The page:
A hallmark of cancer cells is their ‘anchorage-independence’, i.e., they are able to grow under conditions that do not support strong attachment of the cells. This trait has been identified more than six decades ago, but is still poorly understood from a mechano-biological point of view. Our lab studies the ways by which cancer cells lose their normal mechanosensing abilities to become non-dependent on the signals from their environment.
Pancreatic ductal adenocarcinoma (PDAC) is an extremely deadly disease that is projected to become the second-most deadly cancer in the next decade. PDAC is characterized by an extremely dense and stiff extracellular matrix that surrounds the tumor cells, which is considered to play a major role in PDAC progression and metastasis. Our lab studies the interactions between PDAC cells and their environment with the goal of identifying potential mechanobiological therapeutic targets.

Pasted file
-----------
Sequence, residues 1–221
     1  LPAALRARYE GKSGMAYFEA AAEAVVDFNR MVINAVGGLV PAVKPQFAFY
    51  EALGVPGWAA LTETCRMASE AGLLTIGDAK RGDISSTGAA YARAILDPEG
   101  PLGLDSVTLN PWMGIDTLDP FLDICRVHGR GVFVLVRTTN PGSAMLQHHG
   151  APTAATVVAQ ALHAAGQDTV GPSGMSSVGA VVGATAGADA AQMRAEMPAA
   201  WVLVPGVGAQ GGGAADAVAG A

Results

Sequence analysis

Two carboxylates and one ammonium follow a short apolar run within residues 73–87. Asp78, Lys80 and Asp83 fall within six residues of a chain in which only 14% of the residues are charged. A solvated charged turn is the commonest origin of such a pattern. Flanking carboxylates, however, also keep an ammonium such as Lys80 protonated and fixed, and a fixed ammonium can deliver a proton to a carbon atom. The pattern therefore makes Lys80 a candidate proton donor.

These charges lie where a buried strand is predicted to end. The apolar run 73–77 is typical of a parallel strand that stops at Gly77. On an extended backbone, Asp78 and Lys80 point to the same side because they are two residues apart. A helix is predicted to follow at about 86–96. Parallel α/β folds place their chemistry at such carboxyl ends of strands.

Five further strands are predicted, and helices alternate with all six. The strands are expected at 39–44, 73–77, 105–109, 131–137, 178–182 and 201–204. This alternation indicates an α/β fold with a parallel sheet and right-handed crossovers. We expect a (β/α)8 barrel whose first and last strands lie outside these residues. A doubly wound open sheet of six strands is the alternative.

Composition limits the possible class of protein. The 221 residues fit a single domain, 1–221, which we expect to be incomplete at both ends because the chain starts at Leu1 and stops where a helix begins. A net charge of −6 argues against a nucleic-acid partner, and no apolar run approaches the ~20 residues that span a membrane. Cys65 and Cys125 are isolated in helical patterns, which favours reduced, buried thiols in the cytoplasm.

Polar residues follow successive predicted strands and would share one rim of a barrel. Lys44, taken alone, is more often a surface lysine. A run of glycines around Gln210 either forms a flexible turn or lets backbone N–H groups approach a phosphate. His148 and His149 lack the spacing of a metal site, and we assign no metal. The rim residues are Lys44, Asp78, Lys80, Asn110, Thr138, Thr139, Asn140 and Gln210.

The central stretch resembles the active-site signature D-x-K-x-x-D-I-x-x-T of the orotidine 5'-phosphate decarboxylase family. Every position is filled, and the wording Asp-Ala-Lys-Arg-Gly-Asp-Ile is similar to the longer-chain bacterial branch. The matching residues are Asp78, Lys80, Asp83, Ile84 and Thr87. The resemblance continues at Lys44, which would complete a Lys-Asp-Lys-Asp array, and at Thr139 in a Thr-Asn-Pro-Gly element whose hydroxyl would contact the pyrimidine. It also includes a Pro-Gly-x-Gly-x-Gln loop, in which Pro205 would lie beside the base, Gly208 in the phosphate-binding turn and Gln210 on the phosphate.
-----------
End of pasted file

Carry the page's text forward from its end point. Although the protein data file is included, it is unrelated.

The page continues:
Cells in our bodies respond not only to biochemical signals (hormones, growth factors), but also to the mechanical features of their environment, including, e.g., topography, rigidity. This indicates that cells can actively test the environment. Our lab studies the fundamental mechanisms by which this sensing is achieved. We combine the use of nano- and micro-fabricated surfaces with advanced imaging and machine learning for image analysis to study the subcellular machineries involved in this process.